Japanese philosophy

DOI: 10.4324/9780415249126-G100-1
Version: v1,  Published online: 1998
Retrieved February 01, 2023, from

9. Postwar developments

The defeat in the Second World War caused many philosophers to rethink their positions. Tanabe and Watsuji, for example, explicitly repented some of the nationalistic implications of their earlier writings. In his Zangedō to shite no tetsugaku (Philosophy as Metanoia) in 1946, Tanabe developed an intricate, self-critical dialectical method to check the emergence of philosophical ideologies. In conceiving this method he drew inspiration from the philosophical analysis of Shinran’s thought done by one of his students, Takeuchi Yoshinori. The connection with religious philosophy has become a recurrent theme in the further development of the Kyoto school as exemplified in the works of Nishitani, Takeuchi and Ueda Shizuteru. In a spirit reminiscent of the Kamakura Buddhist thinkers, many of the postwar philosophers have turned inward to re-examine the nature of human existence, now able to be formulated in relation to the problematics of existentialism as well as Buddhism.

At the same time some Japanese philosophers have continued to specialize in the scholarly study of Western philosophy. In many Japanese universities there are departments of philosophy where much of the work is indistinguishable from what might find in a philosophy department in Europe or North America. In general, the Continental traditions of philosophy, rather than the British analytic traditions, continue to dominate.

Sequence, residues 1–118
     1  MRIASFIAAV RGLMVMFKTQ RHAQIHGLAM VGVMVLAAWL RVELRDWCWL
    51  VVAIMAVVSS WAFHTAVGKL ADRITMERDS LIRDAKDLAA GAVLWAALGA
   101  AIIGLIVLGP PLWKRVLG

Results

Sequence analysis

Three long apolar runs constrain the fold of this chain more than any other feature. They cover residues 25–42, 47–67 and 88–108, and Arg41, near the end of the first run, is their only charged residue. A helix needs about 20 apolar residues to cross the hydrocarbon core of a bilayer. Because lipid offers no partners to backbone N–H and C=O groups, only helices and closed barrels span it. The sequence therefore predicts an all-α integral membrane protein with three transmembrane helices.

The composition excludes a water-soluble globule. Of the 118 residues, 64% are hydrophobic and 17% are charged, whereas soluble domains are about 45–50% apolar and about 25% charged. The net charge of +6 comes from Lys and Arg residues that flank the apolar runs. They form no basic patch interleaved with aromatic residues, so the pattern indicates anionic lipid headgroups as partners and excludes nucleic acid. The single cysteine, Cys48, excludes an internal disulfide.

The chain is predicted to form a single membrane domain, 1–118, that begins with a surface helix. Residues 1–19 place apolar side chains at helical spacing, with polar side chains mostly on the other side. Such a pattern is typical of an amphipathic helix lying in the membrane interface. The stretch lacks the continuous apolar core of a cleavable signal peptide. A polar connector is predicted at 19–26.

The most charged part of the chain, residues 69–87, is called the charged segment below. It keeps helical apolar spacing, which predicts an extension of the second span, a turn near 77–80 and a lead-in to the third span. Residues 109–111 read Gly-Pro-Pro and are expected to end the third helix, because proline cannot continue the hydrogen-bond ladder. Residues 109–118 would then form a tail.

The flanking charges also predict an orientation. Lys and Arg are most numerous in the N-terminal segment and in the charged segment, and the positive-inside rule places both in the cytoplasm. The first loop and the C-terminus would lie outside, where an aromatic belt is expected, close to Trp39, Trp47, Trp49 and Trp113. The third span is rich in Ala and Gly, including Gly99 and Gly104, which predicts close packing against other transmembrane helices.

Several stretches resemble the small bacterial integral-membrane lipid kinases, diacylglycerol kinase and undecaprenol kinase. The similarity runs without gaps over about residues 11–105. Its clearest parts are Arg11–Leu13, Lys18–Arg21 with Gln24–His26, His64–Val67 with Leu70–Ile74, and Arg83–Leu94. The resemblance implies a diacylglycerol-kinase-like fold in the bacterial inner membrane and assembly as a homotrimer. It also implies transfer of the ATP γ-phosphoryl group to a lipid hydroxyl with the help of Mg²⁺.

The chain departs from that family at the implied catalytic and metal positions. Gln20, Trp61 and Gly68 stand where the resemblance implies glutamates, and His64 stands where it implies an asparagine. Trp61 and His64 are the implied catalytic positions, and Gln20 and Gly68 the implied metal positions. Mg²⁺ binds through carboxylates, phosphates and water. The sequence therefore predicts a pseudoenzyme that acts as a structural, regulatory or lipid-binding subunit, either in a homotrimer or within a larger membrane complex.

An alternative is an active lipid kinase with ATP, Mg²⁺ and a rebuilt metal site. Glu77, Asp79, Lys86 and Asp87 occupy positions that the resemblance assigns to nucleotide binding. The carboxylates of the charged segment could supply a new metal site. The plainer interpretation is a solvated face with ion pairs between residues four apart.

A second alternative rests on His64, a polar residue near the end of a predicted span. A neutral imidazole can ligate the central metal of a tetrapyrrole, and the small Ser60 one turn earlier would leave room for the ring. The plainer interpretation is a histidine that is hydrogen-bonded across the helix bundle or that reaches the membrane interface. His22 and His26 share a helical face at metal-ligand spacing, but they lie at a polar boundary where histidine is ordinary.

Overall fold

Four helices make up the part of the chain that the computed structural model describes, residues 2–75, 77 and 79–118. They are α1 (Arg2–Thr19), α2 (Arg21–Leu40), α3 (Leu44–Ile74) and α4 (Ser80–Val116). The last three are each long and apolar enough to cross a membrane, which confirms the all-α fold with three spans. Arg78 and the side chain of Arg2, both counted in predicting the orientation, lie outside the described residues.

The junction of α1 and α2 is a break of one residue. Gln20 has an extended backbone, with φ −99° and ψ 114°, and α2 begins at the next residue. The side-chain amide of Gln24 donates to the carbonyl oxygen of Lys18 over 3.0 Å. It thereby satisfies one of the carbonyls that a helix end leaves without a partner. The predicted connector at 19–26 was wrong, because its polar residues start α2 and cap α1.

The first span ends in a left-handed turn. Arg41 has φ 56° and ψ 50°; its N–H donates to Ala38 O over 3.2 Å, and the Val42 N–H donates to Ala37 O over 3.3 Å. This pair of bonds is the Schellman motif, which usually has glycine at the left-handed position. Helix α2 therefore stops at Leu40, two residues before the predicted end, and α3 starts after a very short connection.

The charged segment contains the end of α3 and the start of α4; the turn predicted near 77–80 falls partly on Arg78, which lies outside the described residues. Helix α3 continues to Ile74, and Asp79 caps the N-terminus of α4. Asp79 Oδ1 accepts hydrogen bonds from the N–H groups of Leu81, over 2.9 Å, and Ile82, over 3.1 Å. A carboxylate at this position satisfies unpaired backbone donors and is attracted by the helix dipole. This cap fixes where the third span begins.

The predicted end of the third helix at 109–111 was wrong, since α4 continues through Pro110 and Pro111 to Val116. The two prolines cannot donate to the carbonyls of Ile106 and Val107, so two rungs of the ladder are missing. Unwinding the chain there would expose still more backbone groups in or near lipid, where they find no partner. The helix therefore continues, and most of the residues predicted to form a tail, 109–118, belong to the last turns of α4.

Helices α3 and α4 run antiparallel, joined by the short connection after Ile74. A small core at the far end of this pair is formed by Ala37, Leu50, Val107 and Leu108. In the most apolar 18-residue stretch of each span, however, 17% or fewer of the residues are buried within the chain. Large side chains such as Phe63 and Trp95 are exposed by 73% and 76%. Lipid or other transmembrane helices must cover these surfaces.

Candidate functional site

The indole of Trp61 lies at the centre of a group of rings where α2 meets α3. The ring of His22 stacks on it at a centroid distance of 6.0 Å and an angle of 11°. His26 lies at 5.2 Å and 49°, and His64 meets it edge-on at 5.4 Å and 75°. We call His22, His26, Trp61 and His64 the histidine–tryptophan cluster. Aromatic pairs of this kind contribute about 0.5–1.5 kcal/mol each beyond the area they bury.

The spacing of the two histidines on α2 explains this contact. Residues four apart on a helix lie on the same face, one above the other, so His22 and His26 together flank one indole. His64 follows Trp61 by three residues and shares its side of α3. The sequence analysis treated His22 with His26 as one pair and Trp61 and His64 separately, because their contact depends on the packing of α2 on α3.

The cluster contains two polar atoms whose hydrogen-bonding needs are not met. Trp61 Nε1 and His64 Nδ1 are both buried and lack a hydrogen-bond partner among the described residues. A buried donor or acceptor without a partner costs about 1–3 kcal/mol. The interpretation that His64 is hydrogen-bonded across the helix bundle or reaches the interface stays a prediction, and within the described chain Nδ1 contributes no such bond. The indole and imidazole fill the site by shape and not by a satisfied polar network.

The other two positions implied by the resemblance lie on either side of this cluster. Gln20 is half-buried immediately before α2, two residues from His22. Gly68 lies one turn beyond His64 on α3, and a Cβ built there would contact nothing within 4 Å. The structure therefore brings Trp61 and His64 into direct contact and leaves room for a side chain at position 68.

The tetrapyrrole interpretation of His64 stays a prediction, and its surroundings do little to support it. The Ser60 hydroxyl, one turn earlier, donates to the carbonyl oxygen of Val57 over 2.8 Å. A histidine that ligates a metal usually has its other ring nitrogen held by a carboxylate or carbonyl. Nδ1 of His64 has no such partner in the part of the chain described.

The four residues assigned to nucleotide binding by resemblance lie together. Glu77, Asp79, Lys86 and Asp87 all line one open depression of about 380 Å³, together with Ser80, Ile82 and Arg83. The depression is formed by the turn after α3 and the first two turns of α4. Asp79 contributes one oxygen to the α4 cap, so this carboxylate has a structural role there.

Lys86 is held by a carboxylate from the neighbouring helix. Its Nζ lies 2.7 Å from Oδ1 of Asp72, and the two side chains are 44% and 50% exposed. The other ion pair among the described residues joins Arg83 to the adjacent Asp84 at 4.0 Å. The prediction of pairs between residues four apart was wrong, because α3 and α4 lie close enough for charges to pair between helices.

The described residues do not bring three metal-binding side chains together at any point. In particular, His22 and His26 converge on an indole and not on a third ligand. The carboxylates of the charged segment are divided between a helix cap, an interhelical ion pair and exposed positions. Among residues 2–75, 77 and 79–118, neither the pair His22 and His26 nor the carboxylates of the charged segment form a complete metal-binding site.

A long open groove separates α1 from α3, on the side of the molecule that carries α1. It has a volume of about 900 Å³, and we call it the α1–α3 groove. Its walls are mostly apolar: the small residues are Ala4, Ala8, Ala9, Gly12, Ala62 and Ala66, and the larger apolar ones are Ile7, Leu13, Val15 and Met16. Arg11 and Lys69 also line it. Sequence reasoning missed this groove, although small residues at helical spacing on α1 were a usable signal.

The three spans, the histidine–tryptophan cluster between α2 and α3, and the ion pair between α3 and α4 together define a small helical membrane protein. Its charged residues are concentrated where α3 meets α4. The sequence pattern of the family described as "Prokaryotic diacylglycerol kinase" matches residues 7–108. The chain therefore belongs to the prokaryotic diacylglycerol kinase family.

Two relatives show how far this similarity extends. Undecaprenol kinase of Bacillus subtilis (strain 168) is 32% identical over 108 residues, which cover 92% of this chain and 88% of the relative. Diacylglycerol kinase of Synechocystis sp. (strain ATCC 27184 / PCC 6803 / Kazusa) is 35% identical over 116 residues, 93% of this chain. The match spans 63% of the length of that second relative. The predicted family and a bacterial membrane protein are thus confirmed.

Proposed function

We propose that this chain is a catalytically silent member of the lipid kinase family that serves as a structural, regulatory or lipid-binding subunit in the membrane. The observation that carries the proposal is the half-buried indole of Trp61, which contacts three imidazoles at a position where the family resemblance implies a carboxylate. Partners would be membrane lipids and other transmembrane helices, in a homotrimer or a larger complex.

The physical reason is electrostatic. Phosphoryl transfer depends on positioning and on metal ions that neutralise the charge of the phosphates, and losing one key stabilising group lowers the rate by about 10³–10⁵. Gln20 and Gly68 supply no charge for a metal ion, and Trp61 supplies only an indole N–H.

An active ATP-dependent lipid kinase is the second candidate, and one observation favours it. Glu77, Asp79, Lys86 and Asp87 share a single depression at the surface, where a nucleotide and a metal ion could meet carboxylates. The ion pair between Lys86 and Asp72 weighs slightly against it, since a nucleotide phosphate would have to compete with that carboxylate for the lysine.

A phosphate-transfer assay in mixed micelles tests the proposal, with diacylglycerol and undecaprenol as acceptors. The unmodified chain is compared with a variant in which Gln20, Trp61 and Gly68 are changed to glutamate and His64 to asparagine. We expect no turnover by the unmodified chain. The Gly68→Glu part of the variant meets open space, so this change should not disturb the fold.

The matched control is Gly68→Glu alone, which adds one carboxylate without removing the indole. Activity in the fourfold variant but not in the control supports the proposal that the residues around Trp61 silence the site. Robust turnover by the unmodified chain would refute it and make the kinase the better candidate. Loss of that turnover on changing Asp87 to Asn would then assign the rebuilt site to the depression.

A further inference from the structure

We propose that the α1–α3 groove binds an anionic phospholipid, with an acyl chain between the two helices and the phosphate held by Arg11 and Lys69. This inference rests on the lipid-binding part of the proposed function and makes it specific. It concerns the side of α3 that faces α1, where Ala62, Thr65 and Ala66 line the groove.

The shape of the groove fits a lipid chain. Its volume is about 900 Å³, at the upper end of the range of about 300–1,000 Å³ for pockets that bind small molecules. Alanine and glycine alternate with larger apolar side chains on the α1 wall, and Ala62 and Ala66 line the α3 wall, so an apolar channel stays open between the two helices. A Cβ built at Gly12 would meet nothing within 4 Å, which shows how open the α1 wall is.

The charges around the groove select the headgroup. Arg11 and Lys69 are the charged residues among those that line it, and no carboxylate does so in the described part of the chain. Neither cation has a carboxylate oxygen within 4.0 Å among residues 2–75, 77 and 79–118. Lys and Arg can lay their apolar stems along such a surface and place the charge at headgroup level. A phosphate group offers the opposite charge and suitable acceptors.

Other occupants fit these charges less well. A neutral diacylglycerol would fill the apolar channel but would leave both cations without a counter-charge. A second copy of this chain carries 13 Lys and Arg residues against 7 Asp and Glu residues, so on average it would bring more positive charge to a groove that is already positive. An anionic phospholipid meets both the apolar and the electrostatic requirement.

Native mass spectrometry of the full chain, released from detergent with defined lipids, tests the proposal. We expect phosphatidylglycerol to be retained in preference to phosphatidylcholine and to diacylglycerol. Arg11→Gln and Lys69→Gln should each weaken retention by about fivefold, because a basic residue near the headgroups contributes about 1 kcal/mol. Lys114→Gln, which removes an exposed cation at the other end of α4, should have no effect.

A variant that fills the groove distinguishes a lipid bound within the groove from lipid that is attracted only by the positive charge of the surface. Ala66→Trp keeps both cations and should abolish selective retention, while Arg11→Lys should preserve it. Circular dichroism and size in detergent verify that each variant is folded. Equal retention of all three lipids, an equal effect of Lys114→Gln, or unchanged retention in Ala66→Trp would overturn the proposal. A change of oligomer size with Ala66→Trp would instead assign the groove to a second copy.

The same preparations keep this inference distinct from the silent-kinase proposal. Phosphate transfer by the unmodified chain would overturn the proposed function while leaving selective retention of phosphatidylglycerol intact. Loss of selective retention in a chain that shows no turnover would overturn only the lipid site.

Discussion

Lastly, and especially since the 1960s, there are individuals and groups of philosophers who have explored new provocative directions, drawing their ideas from a wide variety of sources including Western science, psychoanalysis and phenomenology as well as traditional Asian thought and medicine. This phenomenon is another example of a recurrent pattern in the history of Japanese philosophy: the assimilation and adaptation of foreign ideas against the background of an ongoing tradition.

Citing this article:
Kasulis, Thomas P.. Postwar developments. Japanese philosophy, 1998, doi:10.4324/9780415249126-G100-1. Routledge Encyclopedia of Philosophy, Taylor and Francis,
Copyright © 1998-2023 Routledge.

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